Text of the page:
Trail Building

Central Westcoast Forest Society works to bring people back to the environment, to create a lasting connection with nature and with the work we do.

CWFS builds relationships with community members by implementing local outreach activities to raise awareness about our work and to promote sustainable and positive interactions between people and the natural environment. These include the development of interpretive trails, restoration tours, newspaper articles, educational programs and fundraisers, and support for community and sustainable economic development.

Contact us if you have a trail that needs to be built or restored.

Walk in the Forest Trail

Since 2010, Central Westcoast Forest Society has renovated and extended the Walk in the Forest Trail. The trail was built in 1997 as an interpretive trail that runs past Lost Shoe Creek. It was designed to display and educate on the effectiveness of riparian restoration and silviculture treatments at accelerating old growth forest characteristics.

Unfortunately, the trail was neglected for several years, in some places the boardwalk was rotrotten with planks missing and in other areas it had become overgrown with salmonberry (Rubus spectabilis) and hardhack (Spiraea douglasii ssp. douglasii). The viewing platform on Lost Shoe Creek was in a thicket of red alder (Alnus rubra), adding to the leaf litter and debris found on the trail. The original signs throughout the trail had been vandalized and garbage was abundant, even present in the salmon-bearing creek.

In 2010, the restoation crew removed dilapidated signs, garbage and invasive Scotch broom (Cytisus scoparius). Red alder was thinned along the creek bank and wester red cedar (Thuja plicata) and Sitka spruce (Picea sitchensis) seedlings were planted. Large sections of the boardwalk were replaced with lumber provided by Iisaak Forest Resources Limited. Two new sign were designed and installed, one along the trail and the other in the parking lot. One is a memorial sign dedicated to the memory of Harold Touchie; a well loved member of the Yu?lu?il?ath First Nation.

In 2012, CWFS extended the existing boardwalk by approximately 100 m and built a 3x4 m outpost centre overlooking Lost Shoe Creek that will be used to host outdoor edcuational programs. Parks Canada installed new interpretive signs that speak to restoration ecology and the efforts of Pacific Rim National Park Reserve (PRNPR) and CWFS to restore degraded habitat.

A ribbon cutting ceremony was held in conjuction with Salmon Festival in September 2012, to commemorate the efforts of the late Robert Redhead, former director of CWFS and Ecosystem BIologist with Parks Canada.

Each year CWFS maintains the Walk in the Forest Trail by repairing boardwalk and brushing along the trail. Please contact us if you see that the trail needs maintenance.


Wild Pacific Trail

Central Westcoast Forest Society was contracted to build Phases 3 and 4 of the Wild Pacific Trail - from the Big Beach Park to a point approximately one kilometre before the entrance to Ucluelet along the community's bicycle path. The section along the ocean is approximately four kilometres in length, with a 0.5-kilometre access road in the centre to return you to town.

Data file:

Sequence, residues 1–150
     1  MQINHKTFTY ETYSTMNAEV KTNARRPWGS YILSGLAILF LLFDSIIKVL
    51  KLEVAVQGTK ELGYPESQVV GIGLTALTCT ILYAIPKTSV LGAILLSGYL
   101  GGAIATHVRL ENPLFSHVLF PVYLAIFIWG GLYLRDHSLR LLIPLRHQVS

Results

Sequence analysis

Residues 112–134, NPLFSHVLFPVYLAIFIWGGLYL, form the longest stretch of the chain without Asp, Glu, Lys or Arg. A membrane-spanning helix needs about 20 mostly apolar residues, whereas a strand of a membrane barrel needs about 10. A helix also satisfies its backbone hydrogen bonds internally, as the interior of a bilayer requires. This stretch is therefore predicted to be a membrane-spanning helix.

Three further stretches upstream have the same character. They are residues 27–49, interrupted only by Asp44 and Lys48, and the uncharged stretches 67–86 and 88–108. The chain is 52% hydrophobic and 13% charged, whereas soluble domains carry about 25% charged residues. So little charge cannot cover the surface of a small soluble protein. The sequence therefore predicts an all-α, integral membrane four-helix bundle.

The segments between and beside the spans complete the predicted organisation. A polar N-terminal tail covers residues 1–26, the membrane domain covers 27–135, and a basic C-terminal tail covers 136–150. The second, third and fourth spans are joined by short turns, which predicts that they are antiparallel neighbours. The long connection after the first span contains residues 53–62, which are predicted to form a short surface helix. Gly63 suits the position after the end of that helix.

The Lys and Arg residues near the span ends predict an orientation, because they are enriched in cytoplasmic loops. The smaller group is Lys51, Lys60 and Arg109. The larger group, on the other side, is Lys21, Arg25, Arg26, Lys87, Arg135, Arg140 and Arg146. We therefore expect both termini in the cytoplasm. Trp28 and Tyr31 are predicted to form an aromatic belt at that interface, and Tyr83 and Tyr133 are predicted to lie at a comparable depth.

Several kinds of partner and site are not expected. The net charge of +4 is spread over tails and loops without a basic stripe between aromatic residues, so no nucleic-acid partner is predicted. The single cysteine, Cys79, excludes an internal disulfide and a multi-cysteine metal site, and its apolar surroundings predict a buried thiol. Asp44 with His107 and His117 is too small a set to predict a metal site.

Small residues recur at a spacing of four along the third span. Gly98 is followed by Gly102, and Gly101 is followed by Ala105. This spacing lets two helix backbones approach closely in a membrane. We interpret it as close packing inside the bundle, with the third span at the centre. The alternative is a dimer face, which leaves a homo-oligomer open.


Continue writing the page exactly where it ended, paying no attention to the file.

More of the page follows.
The Wild Pacific Trail offers spectacular views of the open Pacific Ocean, access to beautiful beaches, and an unforgettable rainforest experience. More information can be found at:


Big Beach Trail & Picnic Park

The Big Beach Trail and picnic park area is situated along the Wild Pacific Trail, but a stop at Big Beach for its own sake is well worthwhile. At the foot of Matterson Drive in Ucluelet, Big Beach Park is a great place for a picnic, tide pool exploration, winter storm watching, and strolling the beach.

In 2000 the Central Westcoast Forest Society created a 300-metre trail, built a covered picnic area, and a toilet facility.

In 2002 the CWFS created an access trail from Big Beach to the Wild Pacific Trail.


Norm Godfrey Nature Trail

The Norm Godfrey Nature Trail is a BC Ministry of Forests recreational site where the Central Westcoast Forest Society completed boardwalk repairs and upgrades (1999). The 1-kilometre trail is found approximately 12 kilometres along the West Main forestry road (which begins 1.6 kilometres east of the Tofino-Ucluelet junction on Highway #4.) The drive is well-worth the time as the trail offers spectacular examples of 1000-year old trees. The trail also extends to a secluded sandy beach on Kennedy Lake.


Hot Springs Trail

Hot Springs Cove is a popular destination in Clayoquot Sound. The trail and hot springs are maintained by BC Parks. In 1997 the Central Westcoast Forest Society completed needed repairs and upgrades to the 2.4-kilometre boardwalk through the rainforest that allows access to the natural springs. Hot Springs Cove is only accessible by air (15 minute floatplane charter) or by boat (one and one-half hour water taxi) from Tofino.